Retired primary school teacher Mary Phillip survived her fight with pancreatic cancer almost two years ago.
Today, she remains concerned that her battle is not yet over.
In September 2014, Phillip began experiencing an itching sensation deep under her skin and what she thought then was acid reflux.
After the symptoms persisted for about three weeks, she went to her doctor who diagnosed her condition as the mosquito-borne disease, Chikungunya, and treated her for it.
A week later, there was no improvement and Phillip visited the pharmacist who suggested her condition may be as a result of an allergy and recommended medication for it which, after five days, also did not work.
The 64-year-old woman eventually went to a private hospital to have some tests run to try to figure out what was wrong. A blood test pointed to an issue with her liver, which was later confirmed with an ultrasound.
Mary was then referred to gastroenterologist Maria Bartholomew.
“In December of that same year (2014) I did an endoscopy and she (Bartholomew) said that there was tissue blocking my bile duct…because the bile was seeping out, I had to get something—they called it a stent—that they would put in that would divert the bile back into the intestines so that I would no longer have the itching and the jaundice—and it worked,” she said.
Several other tests were run such as magnetic resonance imaging (MRI), computed tomography (CT) scan, which still did not reveal what Bartholomew wanted to see.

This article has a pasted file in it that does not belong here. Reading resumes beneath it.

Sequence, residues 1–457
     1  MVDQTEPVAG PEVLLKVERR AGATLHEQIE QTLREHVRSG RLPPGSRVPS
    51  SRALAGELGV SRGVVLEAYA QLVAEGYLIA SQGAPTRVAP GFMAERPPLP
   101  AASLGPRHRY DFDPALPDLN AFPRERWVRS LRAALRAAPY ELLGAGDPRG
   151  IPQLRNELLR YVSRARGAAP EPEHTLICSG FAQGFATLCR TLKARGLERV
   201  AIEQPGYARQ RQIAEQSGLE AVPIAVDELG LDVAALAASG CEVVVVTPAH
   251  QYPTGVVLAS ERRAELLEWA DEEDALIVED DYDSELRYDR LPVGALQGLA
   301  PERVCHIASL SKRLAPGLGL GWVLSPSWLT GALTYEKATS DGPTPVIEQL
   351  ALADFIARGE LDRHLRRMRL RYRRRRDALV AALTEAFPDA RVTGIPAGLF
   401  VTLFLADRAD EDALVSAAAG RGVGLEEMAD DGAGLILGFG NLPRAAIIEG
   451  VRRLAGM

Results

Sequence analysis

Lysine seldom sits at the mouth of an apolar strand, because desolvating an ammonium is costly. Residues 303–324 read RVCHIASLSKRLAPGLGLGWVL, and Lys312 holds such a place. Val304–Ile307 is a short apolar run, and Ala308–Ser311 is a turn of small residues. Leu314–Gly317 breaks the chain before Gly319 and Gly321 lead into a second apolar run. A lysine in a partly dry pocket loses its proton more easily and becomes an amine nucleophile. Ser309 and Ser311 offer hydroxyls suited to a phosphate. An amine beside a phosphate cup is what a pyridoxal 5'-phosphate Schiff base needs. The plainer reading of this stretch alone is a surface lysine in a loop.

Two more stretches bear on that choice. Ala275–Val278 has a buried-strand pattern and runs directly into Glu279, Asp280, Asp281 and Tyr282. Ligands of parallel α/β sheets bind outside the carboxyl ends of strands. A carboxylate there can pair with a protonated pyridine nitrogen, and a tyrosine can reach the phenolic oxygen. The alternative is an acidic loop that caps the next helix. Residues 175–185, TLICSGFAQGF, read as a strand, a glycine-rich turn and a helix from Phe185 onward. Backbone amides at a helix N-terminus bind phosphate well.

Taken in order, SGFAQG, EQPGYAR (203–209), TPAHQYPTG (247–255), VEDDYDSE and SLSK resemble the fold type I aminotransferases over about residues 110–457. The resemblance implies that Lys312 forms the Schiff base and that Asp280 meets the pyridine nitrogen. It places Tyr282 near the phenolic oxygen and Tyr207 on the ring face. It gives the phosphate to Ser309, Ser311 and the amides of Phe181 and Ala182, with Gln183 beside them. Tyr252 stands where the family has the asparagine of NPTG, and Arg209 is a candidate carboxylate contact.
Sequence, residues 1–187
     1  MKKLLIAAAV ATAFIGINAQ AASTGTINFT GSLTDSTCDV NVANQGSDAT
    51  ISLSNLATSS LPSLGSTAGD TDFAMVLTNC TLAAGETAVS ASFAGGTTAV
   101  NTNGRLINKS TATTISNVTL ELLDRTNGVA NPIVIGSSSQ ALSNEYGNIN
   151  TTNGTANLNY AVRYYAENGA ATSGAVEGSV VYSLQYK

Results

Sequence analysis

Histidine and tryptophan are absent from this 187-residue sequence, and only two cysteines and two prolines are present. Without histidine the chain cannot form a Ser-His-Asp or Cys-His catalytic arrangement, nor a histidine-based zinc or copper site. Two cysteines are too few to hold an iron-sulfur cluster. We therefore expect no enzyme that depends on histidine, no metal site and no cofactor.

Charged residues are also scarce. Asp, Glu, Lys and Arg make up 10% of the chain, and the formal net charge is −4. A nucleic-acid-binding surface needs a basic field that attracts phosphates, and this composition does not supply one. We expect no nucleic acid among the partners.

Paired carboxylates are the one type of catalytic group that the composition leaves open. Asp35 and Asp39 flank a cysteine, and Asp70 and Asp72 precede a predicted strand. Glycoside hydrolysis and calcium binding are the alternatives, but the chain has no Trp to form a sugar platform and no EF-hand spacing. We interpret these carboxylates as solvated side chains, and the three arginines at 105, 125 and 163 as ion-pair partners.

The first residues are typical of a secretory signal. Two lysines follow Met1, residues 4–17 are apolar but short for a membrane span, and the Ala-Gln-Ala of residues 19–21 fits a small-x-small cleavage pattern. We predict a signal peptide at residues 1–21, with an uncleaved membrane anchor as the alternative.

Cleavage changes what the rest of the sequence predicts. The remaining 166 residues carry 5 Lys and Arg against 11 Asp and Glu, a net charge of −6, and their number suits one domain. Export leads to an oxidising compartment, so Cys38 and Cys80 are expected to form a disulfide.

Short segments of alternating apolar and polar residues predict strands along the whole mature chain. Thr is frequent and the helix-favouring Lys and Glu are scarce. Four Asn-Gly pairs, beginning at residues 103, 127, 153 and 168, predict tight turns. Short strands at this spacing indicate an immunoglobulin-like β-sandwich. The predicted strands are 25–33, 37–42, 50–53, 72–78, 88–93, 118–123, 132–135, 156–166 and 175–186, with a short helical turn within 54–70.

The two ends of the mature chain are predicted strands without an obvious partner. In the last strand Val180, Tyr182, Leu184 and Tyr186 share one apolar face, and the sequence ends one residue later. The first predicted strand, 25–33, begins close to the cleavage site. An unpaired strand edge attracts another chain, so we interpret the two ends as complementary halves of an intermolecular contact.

“So she asked me if I can go to Venezuela to do what they call an endoscopic ultrasound (ESU) because we have no machines in Trinidad.”
In May of 2015, Phillip headed for Venezuela where the ESU was done and “the doctor said they are doing the biopsy but whatever the result, I need to do surgery.”
“He said, listen you all need to move quickly on this and if you want, I can organise for you to do the surgery right here in Venezuela because my good friend is a doctor in that area and he’s very good. So we did,” she said.
On her return to Trinidad, she did eight more tests and sent over the results to the Venezuelan doctor. She returned to Venezuela in July for the surgery where she spent five weeks recuperating. Back home, she had to undergo eight cycles of chemotherapy in October 2015 and after nine months, she was cleared of cancer.
She continues to visit the hospital and undergo tests. To her horror, cancer was detected again late last year.
“They recommended right away that I do chemotherapy to blank out whatever it is. I started back but it wasn’t going well so right now I’m on a break…my body was not reacting well to the chemo,” she said.
Phillip attributes all her successes while fighting the disease to God and puts her fate in his hands.
“I depend on God and he is not letting me down. I depend on him for finance, I depend on him for proper attention by the doctors and whomever. So he is leading and guiding everything I am doing.”